By Grace Livermore
---- — At home, while the majority of my family sat by our very real Christmas pine tree, sipping hot chocolate, wrapped up in warm blankets, sounds of Christmas music filling their ears, and most likely roasting chestnuts over an open fire, I sat in southern Brazil, living a very different kind of Christmas.
Summer had only just arrived in Brazil and my family, along with every other family near the coast of Brazil, took refuge in our beach houses. Dubbed Bombinhas, the area becomes full of tourists and temporary residents during the summer. As it turns out, living near the coast isn’t enough; every family must have a second home literally on the coast. But no complaints here! My family’s beach house rests comfortably on an isthmus, beaches on both sides. In other words, I spent a great amount of time on the beach.
Maybe it was the excess of Vitamin C or all the salt water went to my head, but I never caught the predicted holiday depression. Brazilian Christmas was another world. Practically everything done in the States, is done on the contrary in Brazil. Here, most families open presents on Christmas Eve, have a Christmas Day lunch, and play Samba music instead of Christmas music. Oh, and since it is summer not winter, the magical “White Christmas” was more of a very “Sandy Christmas.”
But, the importance of family during the holidays was no different. In the days before Christmas, family from all over flocked to our home. The pile of presents continued to grow underneath the un-pine smelling Christmas tree until the day we opened them.
I started Christmas Eve by waking up early to go fishing with my host dad. We drove halfway up a terrifyingly steep and rugged road, and then descended a small trail through the woods on foot. After a few minutes, the trail opened up to allow the view of the ocean. We had arrived at a secluded section of the peninsula, which seemed to be especially designed for fishing lovers.
Even at this early hour, the Brazilian sun shone and sparkled against the ocean’s waters. Distantly below waves crashed violently against large boulders, sending gleaming rainbows into the air. As Charles, my host dad, prepared the fishing lines, I explored the area a little. Sea urchins and barnacles created a thin blanket over the boulders. I spotted scuba divers in the water harvesting oysters and muscles stuck in the crevices. With the prepared polls in hand, baited with shrimp, Charles took me to the lower edges of the rocks. We scrambled against the rugged edges and fought against the waves to arrive at a stunning view.
Emptiness. It seemed like just the two of us and the whole world. It was a calm morning. We spent hours wrapped up in our own thoughts, casting and recasting. At the end of the day all we had to show were a few small fish called “garopas,” too small for eating, and one other fish, which we ate at lunch. Despite the small results, it was a morning spent in absolute splendor and peace.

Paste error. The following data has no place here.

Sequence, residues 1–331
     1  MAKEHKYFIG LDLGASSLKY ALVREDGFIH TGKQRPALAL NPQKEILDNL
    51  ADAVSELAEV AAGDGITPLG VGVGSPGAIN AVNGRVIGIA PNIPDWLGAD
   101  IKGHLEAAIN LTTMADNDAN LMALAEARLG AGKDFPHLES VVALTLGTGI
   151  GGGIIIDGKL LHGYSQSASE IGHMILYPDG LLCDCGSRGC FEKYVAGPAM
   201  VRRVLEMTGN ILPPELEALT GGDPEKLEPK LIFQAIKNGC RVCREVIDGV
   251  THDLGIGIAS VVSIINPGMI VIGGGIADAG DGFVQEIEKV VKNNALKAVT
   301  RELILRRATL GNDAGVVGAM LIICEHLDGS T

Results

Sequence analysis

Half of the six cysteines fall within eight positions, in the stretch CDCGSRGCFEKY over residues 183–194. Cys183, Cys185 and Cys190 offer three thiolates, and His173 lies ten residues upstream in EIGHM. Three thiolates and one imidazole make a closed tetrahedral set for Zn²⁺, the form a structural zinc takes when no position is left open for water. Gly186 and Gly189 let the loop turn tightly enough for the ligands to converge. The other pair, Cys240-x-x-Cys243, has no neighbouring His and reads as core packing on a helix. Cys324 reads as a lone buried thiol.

To understand how different Christmas in Brazil is, picture this: On Christmas morn, when I walked down the stairs, I wasn’t wearing pajamas or looking for my cup of raspberry royal tea as my family prepared to open presents, I was wearing a bikini looking for my sunglasses so my family and I could go to the beach. That day we rotated our time between the beach and the kitchen. Christmas Day was spent in cooking splendor.
The preparations for the oncoming lunch filled the kitchen with the perfumes of grilling shrimp and fish, roasted turkey, chicken and beef, alongside onions, steaming rice and potatoes. Sweet scents filled the room as chocolaty syrups poured over a lime and vanilla cake. I, myself, added the smells of the chocolate chip cookies. In other words, for lunch we all ate like kings without a care in the world.
Just after lunch, we exchanged presents. The joy at giving and receiving presents was evident in the expressions of joy, gratitude and love apparent on all our faces. I felt very much at home as my family and I embraced each other and exchanged jokes late into the afternoon.
That evening I walked with my aunt to the beach to watch the sunset. As the brilliant sun shrank along the horizon, I realized my Brazilian Christmas was coming to an end. I was raised in a place where Christmas means snow on the ground, the smell of pine trees, cloves and cinnamon, the taste of hot chocolate and candy canes, the sounds of Christmas music and prayers, and the feeling of warm blanket around my shoulders.
This holiday season was like nothing I have ever experienced. However, by the end of the day I realized that Christmas is whatever we want it to be and whatever we make of it. It was, as I said, a VERY sandy Christmas.
Grace Livermore is a Cooperstown Rotary exchange student.